Last week, the U.S. House of Representatives passed the International Studies in Higher Education Act (H.R. 3077)—the Title VI fix that will establish an advisory board for the federal program that subsidizes Middle Eastern (and other area) studies in American universities. The bill, having won overwhelming bipartisan support in the House, now goes to the Senate. Sandstorm has already underlined the bill's importance, and I know that many readers wrote to its author, Representative Peter Hoekstra (R-Michigan) in support of it. But the road is still long.
The higher education lobby, led by the American Council on Education (ACE), remains determined to gut the bill. Never mind that the board will be advisory, not supervisory. Never mind that the bill doesn't allow the board "to mandate, direct, or control an institution of higher education's specific instructional content, curriculum, or program of instruction." ACE just doesn't like the idea of anyone in Washington watching what academics do, even with tax dollars. Here is ACE's latest, in a letter issued on the day the bill sailed through the House:
We believe the current legislation leaves open the possibility that the Advisory Board could intrude into the academic conduct and content of higher education and could impinge on institutional decisions about curriculum and activities. Indeed, the powers vested in the proposed Advisory Board make it more of an investigative, rather than an advisory, body.
This is so bald a misconstrual of the bill that I dare to call it a lie. The board has no formal investigative powers. It cannot subpoena witnesses or hold anyone in contempt. Only government departments and agencies are obliged by law to provide information to the board, presumably so that it can determine whether the program is meeting the manpower needs of any agency of government. (My guess: it isn't.) The law would enjoin the board to "monitor" the activities of Title VI. That's an essential function: how else is the board to make intelligent recommendations? There is also a provision for public hearings, so that the many stakeholders and constituencies can make their voices heard. The board can also commission research on Title VI—something the Department of Education has done every decade anyway. But the board has no investigative "powers" at its disposal.
What ACE really wants Congress to do is to put out the eyes and cut off the ears of the board before its birth, so that it will have to rely on the demonstrably misleading "testimony" offered up by the lobby. And so ACE tries to scare up the ghost of McCarthyism by calling the board "investigative." It's a cheap trick, and it won't work: the legislators are a lot smarter than most professors and their lobbyists seem to think.
I was delighted to see a liberal Democrat and civil libertarian rise on the House floor to endorse the idea of the board. Representative Howard L. Berman of California, a man wise in the ways of foreign affairs, who has been described as a "libertarian-leaning liberal," put his finger on the problem. It's this: as it stands, taxpayers are being ripped off by university programs that serve no national interest. Academic scammers are the problem; the board is the solution. This Sandstorm entry concludes with Representative Berman's remarks:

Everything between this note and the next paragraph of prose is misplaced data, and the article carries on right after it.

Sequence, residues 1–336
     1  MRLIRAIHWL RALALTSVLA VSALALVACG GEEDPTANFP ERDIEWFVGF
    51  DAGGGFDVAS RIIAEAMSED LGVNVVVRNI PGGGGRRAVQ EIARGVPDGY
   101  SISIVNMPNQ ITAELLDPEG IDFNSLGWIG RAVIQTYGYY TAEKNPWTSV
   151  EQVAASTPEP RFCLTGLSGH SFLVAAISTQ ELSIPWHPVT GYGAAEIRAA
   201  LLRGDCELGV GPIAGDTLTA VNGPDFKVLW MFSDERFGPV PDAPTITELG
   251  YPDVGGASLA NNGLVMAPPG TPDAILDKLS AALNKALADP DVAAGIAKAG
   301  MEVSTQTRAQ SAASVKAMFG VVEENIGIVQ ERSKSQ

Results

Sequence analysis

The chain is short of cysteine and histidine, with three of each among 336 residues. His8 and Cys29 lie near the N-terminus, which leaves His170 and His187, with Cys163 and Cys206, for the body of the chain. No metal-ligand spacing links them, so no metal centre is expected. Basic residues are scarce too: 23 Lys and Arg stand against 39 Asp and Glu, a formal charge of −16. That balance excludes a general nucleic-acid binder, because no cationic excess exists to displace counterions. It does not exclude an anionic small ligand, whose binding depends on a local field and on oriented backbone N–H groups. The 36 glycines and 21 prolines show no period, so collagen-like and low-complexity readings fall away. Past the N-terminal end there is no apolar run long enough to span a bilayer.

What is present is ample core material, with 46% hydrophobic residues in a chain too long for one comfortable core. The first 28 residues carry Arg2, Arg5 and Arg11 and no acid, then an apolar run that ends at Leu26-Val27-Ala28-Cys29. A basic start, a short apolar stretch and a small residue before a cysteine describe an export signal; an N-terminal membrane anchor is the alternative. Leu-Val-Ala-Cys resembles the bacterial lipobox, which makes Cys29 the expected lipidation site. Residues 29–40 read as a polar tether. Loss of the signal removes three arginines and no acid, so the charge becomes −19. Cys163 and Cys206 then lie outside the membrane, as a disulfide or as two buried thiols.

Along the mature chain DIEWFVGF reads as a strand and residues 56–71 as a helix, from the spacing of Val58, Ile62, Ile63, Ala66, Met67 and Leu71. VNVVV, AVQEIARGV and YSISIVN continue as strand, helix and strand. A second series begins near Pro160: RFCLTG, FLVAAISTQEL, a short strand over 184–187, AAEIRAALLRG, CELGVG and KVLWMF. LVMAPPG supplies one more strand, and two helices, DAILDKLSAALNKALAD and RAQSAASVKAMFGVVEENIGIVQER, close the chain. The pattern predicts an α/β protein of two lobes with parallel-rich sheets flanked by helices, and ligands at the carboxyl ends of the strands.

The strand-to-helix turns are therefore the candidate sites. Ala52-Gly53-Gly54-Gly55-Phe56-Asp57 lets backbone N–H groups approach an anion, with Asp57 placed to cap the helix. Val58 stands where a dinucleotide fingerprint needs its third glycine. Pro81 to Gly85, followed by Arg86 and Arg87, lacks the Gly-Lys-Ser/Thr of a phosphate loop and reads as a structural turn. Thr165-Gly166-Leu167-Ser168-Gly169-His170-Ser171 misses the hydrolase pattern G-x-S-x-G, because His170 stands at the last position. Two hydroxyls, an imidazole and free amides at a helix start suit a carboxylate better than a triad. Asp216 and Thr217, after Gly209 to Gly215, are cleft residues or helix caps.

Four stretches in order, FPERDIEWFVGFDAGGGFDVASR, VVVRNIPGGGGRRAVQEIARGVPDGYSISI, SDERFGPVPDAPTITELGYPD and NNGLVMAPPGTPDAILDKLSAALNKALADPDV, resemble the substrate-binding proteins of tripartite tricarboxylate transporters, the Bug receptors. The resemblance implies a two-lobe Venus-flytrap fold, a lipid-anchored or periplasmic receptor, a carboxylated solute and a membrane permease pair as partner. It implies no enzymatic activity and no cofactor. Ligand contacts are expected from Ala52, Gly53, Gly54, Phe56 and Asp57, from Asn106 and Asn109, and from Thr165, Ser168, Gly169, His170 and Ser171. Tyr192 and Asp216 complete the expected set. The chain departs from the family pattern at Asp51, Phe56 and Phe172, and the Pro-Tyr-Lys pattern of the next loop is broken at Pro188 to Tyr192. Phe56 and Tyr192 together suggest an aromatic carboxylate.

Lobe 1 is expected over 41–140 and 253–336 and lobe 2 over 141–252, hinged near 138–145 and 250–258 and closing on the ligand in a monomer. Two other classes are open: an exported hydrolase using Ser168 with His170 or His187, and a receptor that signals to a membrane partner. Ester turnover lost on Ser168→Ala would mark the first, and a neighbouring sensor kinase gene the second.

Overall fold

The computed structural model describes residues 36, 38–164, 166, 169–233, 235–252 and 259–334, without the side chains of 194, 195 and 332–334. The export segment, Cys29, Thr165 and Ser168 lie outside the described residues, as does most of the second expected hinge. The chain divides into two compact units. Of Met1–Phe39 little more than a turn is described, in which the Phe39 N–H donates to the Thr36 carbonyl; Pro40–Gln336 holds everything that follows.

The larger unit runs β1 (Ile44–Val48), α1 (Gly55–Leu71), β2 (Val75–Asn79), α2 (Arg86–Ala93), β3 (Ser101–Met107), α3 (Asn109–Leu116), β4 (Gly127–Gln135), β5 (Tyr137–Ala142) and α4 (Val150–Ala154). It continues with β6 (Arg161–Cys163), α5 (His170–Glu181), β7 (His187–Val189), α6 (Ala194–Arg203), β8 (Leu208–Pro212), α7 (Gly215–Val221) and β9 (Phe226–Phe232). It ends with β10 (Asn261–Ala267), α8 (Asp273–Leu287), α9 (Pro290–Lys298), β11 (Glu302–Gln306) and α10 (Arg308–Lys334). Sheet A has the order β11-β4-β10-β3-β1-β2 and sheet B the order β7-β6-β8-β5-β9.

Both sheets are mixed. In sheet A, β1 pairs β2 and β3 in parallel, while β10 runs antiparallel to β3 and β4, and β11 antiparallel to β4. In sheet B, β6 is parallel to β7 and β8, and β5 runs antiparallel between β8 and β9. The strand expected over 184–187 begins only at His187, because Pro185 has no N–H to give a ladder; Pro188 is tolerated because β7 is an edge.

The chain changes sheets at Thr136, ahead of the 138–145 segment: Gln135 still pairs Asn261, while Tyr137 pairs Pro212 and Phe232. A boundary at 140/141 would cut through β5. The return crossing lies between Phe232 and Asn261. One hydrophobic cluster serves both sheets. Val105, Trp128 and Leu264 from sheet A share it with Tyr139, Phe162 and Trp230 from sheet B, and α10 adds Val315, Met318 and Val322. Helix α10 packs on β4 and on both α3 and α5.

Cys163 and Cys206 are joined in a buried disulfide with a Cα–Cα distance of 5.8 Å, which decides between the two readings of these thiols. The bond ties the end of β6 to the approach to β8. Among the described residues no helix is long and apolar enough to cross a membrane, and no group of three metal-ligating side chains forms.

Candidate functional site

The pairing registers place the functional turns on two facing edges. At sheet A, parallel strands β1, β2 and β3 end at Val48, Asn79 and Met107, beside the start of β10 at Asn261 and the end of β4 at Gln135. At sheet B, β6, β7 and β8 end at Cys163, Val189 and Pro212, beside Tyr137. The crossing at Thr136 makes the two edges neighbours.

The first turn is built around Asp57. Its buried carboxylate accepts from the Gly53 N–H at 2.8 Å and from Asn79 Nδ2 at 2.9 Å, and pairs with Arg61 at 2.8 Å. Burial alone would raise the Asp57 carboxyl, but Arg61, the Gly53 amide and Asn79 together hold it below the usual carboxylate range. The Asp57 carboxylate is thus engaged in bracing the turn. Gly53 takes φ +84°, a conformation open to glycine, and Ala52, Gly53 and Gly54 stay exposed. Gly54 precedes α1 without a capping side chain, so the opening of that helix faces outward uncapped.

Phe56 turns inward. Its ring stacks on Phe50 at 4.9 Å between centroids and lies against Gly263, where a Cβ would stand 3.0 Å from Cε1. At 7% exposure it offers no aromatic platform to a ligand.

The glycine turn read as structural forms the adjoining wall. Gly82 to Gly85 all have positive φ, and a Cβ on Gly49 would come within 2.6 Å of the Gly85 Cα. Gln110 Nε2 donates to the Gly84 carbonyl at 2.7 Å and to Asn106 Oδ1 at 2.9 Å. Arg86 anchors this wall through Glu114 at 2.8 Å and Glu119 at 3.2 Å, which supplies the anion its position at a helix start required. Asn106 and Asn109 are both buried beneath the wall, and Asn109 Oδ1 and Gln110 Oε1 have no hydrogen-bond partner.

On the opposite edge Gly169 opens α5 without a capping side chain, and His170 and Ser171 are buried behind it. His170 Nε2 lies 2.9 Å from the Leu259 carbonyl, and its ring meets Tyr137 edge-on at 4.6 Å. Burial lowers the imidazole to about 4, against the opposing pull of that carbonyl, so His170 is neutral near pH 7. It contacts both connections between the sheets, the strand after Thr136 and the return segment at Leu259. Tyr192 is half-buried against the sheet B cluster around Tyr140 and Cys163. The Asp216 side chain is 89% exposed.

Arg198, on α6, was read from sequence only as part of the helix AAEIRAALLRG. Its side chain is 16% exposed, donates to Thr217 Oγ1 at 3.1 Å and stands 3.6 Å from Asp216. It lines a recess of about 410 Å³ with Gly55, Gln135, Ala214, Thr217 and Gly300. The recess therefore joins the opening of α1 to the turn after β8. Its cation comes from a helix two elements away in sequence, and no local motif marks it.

I am encouraged that the creation of this Advisory Board will help redress a problem which is a great concern of mine, namely, the lack of balance, and indeed the anti-American bias that pervades Title VI- funded Middle East studies programs in particular. To the extent that it advances the national interest to commit taxpayer funds to institutions of higher education for the purpose of fostering expertise with regard to key regions of the world—and I would emphatically affirm that it does—then surely it is troubling when evidence suggests that many of the Middle East regional studies grantees are committed to a narrow point of view at odds with our national interest, a point of view that questions the validity of advancing American ideals of democracy and the rule of law around the world, and in the Middle East in particular.
The Advisory Board's oversight function does not impinge on the academic freedom that is and must be enjoyed by our institutions of higher education. In establishing the board, we are doing no more than exercising our responsibility to ensure that the Federal funds we authorize and appropriate are expended properly.
Give Representative Berman a slap on the back. His email is Howard.Berman@mail.house.gov
MESA Footnote. Amy Newhall, executive director of the Middle East Studies Association (MESA), spreads the lie, calling the advisory board an "investigative body rather than an advisory group." And if that doesn't stir the sleeping dogs of academe, she has another whopper: the bill "will establish a precedent for future legislation directed at any field, discipline, or professional school in any and all universities."
Hardly. There aren't too many disciplines that so vigorously suck the taxpayer's teat as Middle Eastern studies, and it would be hard to find another field as intolerant of intellectual diversity. It's the combination that is both unique and insufferable.
When the MESA mandarins huddle in Anchorage, Alaska, in their annual meeting next week, they would do well to ponder how their unchecked excesses finally prodded Washington into action. They made it easy. And if they really fear "investigation," here is free advice from the Sandstorm advisory board: Get off the federal dole. Float undisturbed in your post-orientalist bubble while more practical people use the resources to build credible alternatives.
The Congressional Budget Office estimates that Title VI will cost taxpayers more than half a billion dollars over the next five years. It's possible to work miracles with that much money. The task of the advisory board will be to make sure they happen.